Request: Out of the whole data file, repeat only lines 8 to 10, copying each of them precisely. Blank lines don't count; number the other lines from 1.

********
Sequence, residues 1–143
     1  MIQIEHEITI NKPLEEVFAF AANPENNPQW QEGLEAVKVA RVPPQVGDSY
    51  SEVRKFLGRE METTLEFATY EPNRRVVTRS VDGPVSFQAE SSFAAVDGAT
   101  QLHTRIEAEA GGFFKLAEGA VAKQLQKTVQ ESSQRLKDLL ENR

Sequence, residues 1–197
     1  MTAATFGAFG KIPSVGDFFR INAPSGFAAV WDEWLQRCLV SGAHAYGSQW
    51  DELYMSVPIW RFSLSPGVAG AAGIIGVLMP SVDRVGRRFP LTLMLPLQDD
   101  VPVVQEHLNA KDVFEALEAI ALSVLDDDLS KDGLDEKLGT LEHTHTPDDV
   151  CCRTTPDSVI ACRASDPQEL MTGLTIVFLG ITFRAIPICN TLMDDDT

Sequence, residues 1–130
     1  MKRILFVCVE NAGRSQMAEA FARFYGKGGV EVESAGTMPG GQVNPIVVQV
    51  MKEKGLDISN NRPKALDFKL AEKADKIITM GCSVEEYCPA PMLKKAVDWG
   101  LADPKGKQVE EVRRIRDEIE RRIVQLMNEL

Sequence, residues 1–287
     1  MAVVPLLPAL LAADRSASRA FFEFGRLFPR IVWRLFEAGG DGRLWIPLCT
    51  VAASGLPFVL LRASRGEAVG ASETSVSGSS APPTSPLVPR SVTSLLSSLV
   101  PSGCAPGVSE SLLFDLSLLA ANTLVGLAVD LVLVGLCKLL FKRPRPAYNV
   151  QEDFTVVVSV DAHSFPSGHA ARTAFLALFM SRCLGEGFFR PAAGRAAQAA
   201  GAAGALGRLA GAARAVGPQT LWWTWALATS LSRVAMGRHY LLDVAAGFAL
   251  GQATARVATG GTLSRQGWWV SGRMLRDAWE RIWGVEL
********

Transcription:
   101  VPVVQEHLNA KDVFEALEAI ALSVLDDDLS KDGLDEKLGT LEHTHTPDDV
   151  CCRTTPDSVI ACRASDPQEL MTGLTIVFLG ITFRAIPICN TLMDDDT

Sequence, residues 1–130